Polymorphisms in B cell co-stimulatory genes are associated with IgG antibody responses against blood-stage proteins of plasmodium vivax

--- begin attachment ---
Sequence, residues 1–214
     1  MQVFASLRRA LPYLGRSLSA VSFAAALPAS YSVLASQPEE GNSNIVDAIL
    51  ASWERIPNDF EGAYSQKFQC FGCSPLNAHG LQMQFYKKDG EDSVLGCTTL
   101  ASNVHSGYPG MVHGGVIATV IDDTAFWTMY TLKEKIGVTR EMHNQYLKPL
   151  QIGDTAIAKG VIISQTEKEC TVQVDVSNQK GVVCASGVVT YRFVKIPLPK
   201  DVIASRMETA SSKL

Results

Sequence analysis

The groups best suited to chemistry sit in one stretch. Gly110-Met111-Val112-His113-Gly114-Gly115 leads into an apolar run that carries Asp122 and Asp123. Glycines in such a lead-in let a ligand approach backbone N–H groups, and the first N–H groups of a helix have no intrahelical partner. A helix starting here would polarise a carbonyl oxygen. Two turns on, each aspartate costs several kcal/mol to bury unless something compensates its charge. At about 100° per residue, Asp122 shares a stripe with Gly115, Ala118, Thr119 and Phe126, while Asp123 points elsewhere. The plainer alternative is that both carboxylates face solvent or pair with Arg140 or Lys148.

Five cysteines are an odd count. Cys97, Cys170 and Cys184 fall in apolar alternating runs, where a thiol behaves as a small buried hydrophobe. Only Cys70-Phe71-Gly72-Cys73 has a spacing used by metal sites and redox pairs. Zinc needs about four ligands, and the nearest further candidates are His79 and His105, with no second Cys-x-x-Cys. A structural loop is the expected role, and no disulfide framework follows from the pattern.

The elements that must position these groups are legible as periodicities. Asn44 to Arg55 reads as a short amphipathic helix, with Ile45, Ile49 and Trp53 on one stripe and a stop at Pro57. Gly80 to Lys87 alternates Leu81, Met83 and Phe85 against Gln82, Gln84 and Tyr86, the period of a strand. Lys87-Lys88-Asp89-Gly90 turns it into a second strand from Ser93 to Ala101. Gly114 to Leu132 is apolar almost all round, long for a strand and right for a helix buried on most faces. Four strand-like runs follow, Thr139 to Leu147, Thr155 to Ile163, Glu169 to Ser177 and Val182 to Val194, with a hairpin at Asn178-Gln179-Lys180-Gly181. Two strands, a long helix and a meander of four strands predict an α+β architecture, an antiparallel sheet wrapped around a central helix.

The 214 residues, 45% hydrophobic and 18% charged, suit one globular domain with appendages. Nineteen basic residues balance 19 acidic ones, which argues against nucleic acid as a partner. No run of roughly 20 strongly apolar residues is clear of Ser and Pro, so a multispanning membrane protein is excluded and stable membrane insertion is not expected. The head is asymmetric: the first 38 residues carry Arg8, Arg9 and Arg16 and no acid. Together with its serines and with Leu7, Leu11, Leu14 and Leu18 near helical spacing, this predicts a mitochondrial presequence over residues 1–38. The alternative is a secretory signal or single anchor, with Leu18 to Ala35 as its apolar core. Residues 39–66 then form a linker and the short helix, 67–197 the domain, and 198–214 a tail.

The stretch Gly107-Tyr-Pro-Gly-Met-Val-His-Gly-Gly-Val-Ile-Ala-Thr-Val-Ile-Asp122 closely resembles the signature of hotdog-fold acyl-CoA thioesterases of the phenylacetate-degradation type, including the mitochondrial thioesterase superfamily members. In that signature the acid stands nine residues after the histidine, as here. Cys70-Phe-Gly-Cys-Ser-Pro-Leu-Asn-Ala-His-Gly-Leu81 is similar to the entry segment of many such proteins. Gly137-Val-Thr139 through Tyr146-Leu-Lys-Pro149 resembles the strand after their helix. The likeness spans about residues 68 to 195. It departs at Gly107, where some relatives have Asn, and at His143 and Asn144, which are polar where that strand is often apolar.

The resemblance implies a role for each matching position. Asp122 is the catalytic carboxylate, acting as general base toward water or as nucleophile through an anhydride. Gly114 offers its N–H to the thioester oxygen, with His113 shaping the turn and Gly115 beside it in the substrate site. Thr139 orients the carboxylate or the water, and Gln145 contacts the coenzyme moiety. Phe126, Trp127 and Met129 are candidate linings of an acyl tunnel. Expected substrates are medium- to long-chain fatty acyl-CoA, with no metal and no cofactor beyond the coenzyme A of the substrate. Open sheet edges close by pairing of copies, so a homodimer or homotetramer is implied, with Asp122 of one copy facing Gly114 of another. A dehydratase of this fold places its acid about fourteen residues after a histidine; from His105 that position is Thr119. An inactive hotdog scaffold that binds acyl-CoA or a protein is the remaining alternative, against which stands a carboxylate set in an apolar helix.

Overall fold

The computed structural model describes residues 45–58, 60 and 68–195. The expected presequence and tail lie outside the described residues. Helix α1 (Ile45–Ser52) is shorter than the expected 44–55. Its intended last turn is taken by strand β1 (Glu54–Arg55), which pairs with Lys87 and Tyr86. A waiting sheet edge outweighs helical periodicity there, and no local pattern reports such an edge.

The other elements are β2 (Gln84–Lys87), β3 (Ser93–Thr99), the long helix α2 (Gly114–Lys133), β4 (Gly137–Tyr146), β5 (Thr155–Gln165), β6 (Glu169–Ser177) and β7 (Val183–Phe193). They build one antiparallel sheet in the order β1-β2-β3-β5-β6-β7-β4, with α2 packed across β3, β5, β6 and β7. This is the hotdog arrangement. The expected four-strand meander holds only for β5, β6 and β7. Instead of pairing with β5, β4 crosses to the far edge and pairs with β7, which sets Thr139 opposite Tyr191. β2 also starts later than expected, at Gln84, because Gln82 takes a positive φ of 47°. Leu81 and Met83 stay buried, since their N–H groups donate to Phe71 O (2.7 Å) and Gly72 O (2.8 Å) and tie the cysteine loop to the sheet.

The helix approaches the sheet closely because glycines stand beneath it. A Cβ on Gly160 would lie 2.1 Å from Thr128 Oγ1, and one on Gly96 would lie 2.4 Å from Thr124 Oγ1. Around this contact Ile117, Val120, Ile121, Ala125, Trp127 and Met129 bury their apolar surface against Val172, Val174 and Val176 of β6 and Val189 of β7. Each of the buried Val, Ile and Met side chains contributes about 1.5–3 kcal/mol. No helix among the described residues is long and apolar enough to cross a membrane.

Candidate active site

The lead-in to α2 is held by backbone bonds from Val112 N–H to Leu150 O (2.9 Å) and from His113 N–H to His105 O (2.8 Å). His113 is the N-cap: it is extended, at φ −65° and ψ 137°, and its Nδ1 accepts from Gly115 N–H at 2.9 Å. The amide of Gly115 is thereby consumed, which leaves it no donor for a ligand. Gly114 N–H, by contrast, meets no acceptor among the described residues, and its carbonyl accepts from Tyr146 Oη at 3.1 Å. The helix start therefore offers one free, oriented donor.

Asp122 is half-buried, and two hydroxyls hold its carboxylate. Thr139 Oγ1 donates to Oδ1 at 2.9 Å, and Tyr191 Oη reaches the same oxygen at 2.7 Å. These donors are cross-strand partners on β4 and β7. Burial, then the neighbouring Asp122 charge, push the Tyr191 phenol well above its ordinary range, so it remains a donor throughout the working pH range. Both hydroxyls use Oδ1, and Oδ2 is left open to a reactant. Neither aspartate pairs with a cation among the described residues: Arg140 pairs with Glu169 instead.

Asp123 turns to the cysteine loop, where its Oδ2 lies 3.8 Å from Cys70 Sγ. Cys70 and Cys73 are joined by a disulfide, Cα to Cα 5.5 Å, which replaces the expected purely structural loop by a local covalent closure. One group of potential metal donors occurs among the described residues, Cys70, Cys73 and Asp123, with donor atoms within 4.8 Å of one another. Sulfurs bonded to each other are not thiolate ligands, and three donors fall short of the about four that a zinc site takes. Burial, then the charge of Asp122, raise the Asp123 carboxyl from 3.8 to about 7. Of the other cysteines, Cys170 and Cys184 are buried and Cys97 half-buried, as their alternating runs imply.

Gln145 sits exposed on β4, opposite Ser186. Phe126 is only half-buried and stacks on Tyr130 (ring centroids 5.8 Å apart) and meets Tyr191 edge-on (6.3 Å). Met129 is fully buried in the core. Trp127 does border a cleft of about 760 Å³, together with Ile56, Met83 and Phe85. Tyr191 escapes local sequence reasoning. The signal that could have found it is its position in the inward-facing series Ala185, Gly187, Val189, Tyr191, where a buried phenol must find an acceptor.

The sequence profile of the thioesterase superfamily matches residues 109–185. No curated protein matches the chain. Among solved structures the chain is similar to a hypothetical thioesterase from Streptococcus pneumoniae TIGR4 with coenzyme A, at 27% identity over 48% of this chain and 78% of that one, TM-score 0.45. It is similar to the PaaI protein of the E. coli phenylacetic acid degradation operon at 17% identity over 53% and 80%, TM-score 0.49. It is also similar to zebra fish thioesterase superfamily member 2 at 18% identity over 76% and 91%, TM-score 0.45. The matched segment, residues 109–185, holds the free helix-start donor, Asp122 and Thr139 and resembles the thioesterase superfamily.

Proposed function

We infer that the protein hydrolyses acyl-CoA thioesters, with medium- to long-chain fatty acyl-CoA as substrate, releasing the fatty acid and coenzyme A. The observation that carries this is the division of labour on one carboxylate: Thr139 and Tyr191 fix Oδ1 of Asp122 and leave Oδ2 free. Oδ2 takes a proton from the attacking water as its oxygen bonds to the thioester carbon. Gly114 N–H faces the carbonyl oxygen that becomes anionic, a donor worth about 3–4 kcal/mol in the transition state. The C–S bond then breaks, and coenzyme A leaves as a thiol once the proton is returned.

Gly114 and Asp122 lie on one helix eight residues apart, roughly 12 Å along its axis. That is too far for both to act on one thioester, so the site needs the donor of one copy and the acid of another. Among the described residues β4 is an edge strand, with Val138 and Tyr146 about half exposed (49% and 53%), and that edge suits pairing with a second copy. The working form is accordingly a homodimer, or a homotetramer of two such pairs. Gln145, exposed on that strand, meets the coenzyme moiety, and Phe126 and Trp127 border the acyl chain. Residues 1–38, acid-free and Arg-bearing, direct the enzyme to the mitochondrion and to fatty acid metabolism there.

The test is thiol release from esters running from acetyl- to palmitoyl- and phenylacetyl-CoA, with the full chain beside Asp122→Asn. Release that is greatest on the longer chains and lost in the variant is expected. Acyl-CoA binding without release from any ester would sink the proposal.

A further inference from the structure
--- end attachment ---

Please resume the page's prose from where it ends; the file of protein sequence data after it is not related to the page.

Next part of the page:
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The development of an effective immune response can help decrease mortality from malaria and its clinical symptoms. However, this mechanism is complex and has significant inter-individual variation, most likely owing to the genetic contribution of the human host. Therefore, this study aimed to investigate the influence of polymorphisms in genes involved in the costimulation of B-lymphocytes in the naturally acquired humoral immune response against proteins of the asexual stage of Plasmodium vivax. A total of 319 individuals living in an area of malaria transmission in the Brazilian Amazon were genotyped for four SNPs in the genes CD40, CD40L, BLYS and CD86. In addition, IgG antibodies against P. vivax apical membrane antigen 1 (PvAMA-1), Duffy binding protein (PvDBP) and merozoite surface protein 1 (PvMSP-119) were detected by ELISA. The SNP BLYS -871C>T was associated with the frequency of IgG responders to PvAMA-1 and PvMSP-119. The SNP CD40-1C>T was associated with the IgG response against PvDBP, whereas IgG antibody titers against PvMSP-119 were influenced by the polymorphism CD86 + 1057G>A. These data may help to elucidate the immunological aspects of vivax malaria and consequently assist in the design of malaria vaccines.